On other occasions prophets warn people to repent, to live justly and treat others rightly, or suffer adverse consequences, as in the Prophetic books such as Isaiah, Jeremiah, and Amos. The New Testament records the words of John the Baptist, who called people to repentance. Solomon’s writings recorded in Ecclesiastes, Proverbs and Song of Solomon are philosophical, and convey wisdom principles to guide productive living. The Apostle Paul’s writings in the New Testament are largely instructional and lean heavily on the writings and teachings of the Old Testament, but also contain new revelations God gave to Paul. is written to help place you into the historical context, see through the eyes of the writer and recipients within the immediate context in which they were written. But also to place these writings within the context of the entire breadth of scripture.

Although the Bible was written by about 40 authors over a period of 1500 years or so, it has a consistent voice and a unity of message. Like a great novel, it has many stories that wrap up into one story. The overarching story is the story of humanity. God created humanity to rule the earth in harmony with one another and with God. We were apparently a replacement for Satan, who failed in his administration. He desired more than just to rule the earth, but wanted heaven as well.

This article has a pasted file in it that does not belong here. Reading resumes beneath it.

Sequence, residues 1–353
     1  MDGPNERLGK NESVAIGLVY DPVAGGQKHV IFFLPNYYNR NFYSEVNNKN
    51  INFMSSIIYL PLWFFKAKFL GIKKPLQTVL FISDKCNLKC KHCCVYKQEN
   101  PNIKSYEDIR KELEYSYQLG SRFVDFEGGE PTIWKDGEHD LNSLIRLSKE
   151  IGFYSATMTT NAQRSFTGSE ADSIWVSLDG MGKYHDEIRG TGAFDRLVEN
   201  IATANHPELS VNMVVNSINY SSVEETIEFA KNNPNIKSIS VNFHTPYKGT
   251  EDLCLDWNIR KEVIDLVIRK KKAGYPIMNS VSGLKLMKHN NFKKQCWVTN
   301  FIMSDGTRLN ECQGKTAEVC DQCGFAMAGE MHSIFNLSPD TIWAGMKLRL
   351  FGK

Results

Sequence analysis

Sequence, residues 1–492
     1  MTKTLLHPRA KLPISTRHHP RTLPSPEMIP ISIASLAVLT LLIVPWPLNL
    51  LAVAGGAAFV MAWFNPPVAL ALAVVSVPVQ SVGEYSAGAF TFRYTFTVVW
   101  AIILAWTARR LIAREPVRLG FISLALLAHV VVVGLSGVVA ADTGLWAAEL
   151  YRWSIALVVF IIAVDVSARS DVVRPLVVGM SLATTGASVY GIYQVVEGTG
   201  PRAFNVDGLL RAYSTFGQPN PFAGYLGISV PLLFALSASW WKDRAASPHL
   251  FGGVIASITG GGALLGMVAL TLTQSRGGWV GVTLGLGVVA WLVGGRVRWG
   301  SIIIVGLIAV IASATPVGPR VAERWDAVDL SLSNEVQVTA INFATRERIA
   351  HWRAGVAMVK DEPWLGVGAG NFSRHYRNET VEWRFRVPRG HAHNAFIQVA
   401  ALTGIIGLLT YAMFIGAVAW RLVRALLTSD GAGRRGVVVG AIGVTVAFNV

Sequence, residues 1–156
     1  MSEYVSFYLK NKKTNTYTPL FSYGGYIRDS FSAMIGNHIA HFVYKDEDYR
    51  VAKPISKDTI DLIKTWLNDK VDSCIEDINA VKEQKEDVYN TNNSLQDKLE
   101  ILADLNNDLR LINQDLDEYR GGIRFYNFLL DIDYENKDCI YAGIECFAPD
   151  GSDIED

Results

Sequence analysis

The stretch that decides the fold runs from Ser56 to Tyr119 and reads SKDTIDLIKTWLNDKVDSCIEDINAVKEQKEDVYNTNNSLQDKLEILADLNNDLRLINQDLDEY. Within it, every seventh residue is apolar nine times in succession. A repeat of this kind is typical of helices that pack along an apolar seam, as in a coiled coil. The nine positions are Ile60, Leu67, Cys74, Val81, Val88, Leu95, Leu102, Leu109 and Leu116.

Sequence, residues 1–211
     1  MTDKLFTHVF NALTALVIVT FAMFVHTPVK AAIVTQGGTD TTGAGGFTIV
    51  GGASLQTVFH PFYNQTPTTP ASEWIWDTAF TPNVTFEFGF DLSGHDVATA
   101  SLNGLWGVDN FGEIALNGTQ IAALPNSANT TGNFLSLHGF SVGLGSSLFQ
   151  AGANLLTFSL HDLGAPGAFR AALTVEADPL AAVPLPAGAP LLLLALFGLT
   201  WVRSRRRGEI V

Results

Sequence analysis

So God made humans, who were a “little lower than the angels” but “crowned them” with the “glory and honor” of being made stewards over the earth. (Footnote for Psalm 8 and Hebrews 2). However, humanity fell as well, following the path of Satan, to refuse to remain within the bounds set by God. So God set a new boundary, a limitation of lifespan. We now have a limited time on earth. Death entered the world. Who will come and defeat this horrible enemy, and redeem humanity?

Enter the great hero of the biblical story – Jesus. He is God become man, to do for us what we cannot do for ourselves, redeem us from sin and death, by becoming death for us. He defeats the “supervillains” of Satan, Death and Hades. The rest of the story is about humans reacting to the redemption offered by God. God offers the redemption on multiple levels. He offers the redemption of relationship. We can receive by faith a relationship with God as His child, freely without cost to us. Jesus paid the full cost by dying on the cross. Jesus called this being born again. A new spiritual birth. Paul calls us a new creation, created in Christ Jesus. (Footnotes for both of these)